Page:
Saudi Arabia's Public Investment Fund, which has investments in SoftBank Vision Fund and Uber, plans to increase AUMs from around $230 billion to over $400 billion by 2020
New Delhi: The Public Investment Fund (PIF) of Saudi Arabia, which has invested in SoftBank’s Vision Fund and ride-hailing firm Uber, is looking to invest in India’s infrastructure sector.
“They are trying to create an investment portfolio that lasts beyond oil," said a person aware of the sovereign wealth fund’s plans, requesting anonymity.
Saudi Arabia is a crucial source of energy for India and hosts a number of expatriate Indians. PIF, which acts as the Kingdom’s main investment arm, plans to increase assets under management from around $230 billion to over $400 billion by 2020. Building “strategic economic partnerships" is among its key objectives.
Another person, who also didn’t want to be named, confirmed PIF’s interest in India’s infrastructure sector.
India has been seeking Saudi investment in its infrastructure sector. The efforts have gained traction, with the world’s biggest oil producer, Saudi Arabian Oil Co., or Saudi Aramco, partnering with a consortium of Indian state-run companies to set up the largest global refinery and petrochemical complex at Ratnagiri in Maharashtra at an investment of $44 billion. Saudi Aramco will enter fuel retailing in India, where energy demand is expected to grow at 4.2% over the next 25 years.
Queries emailed to PIF on Monday remained unanswered.
This comes against the backdrop of growing interest from sovereign wealth funds to invest in India. Mint reported on 18 March 2017 that the Australian Government Future Fund plans to invest in the Indian infrastructure space, including roads, telecommunications and clean energy.
Sovereign wealth funds are also preferred for their so-called patient capital, which seeks modest yields over time. Some of the active sovereign wealth funds are Investment Corporation of Dubai, Singapore’s GIC Pte Ltd, Abu Dhabi Investment Authority and Abu Dhabi’s Mubadala Development Co.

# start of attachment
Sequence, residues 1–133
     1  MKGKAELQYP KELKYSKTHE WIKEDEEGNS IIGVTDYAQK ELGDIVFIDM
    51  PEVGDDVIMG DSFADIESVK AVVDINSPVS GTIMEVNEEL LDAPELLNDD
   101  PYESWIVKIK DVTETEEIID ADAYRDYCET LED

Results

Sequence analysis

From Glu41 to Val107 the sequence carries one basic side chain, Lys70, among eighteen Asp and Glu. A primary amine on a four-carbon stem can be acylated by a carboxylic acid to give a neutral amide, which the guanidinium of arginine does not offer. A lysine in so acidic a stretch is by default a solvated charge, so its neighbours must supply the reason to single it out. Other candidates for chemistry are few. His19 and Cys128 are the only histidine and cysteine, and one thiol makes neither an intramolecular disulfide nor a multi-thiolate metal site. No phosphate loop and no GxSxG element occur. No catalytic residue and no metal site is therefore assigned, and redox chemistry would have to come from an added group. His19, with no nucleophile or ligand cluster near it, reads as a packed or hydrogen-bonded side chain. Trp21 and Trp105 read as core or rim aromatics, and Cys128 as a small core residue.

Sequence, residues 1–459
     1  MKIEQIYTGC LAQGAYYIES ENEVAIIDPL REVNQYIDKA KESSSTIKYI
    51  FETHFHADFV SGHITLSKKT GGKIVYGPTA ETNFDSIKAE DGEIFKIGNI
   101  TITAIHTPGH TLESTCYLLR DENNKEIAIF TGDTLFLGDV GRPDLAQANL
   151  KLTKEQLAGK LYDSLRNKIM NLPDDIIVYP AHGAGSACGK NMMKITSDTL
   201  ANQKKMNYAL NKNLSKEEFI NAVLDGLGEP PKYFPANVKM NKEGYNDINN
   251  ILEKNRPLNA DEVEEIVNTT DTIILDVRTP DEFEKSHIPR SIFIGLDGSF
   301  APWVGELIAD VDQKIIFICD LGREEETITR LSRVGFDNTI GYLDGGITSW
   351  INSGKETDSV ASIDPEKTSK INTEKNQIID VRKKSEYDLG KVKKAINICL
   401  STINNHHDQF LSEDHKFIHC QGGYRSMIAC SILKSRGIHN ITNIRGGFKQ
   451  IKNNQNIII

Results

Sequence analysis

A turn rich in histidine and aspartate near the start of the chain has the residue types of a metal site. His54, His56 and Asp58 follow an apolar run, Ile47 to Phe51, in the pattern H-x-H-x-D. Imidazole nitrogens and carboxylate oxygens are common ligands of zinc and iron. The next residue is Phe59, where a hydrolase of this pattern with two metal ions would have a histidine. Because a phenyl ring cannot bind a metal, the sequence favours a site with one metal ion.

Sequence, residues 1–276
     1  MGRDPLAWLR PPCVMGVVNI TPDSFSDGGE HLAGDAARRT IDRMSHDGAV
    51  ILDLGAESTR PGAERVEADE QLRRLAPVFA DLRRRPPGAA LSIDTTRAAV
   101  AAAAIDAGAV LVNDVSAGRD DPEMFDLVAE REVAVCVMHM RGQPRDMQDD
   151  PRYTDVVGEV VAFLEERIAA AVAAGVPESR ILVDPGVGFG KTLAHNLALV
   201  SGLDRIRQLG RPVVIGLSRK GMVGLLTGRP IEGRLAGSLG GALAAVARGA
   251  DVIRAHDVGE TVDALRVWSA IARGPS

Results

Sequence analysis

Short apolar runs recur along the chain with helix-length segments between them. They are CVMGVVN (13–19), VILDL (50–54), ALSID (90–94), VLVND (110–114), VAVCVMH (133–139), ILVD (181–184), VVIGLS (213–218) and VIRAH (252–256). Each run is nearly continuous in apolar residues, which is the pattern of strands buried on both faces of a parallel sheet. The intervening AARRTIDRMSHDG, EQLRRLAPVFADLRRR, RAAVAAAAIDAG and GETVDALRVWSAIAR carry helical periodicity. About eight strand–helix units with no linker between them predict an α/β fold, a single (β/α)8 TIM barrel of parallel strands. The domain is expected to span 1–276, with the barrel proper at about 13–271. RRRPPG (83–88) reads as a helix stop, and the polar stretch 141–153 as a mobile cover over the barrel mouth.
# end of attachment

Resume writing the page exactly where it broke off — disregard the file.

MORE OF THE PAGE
“Public Investment Fund has always remained quiet about India. Of the sovereign wealth funds from West Asian oil economies, they have been the most low-key," said a third person, who didn’t want to be named.
This interest comes at a time when the NDA government has set in play a new integrated infrastructure programme that involves building of roads, railways, waterways and airports. India plans invest as much as Rs5.97 trillion in creating and upgrading infrastructure in the current financial year.
Experts say that investors such as PIF are required to fuel India’s economic growth.
“Any investor from outside is needed and welcome for India’s infrastructure growth. We need investors and not fund providers," said Sanjay Garg, partner and leader, capital projects, at PricewaterhouseCoopers.
According to the Economic Survey presented in January, India will face a $526 billion infrastructure investment gap by 2040. Infrastructure development has been one of the focus areas of the Narendra Modi government. Starting with an allocation of around Rs1.81 trillion in 2014-15, expenditure towards infrastructure reached Rs4.94 trillion in 2017-18.
Also, the government’s plan to monetize publicly funded, operational national highways through the toll-operate-transfer (TOT) model has yielded results with Macquarie Group, the Sydney-based infrastructure asset management company, earlier this year winning the rights to manage 648km of national highways by bidding Rs9,681.5 crore in an auction.
The government has also crafted ambitious plans such as Sagarmala and Bharatmala to improve its transport infrastructure. While the total investment for the Bharatmala road project was pegged at Rs10 trillion—the largest ever outlay for a government road construction scheme—the country has envisaged Rs8 trillion of investment until 2035 under the Sagarmala port programme.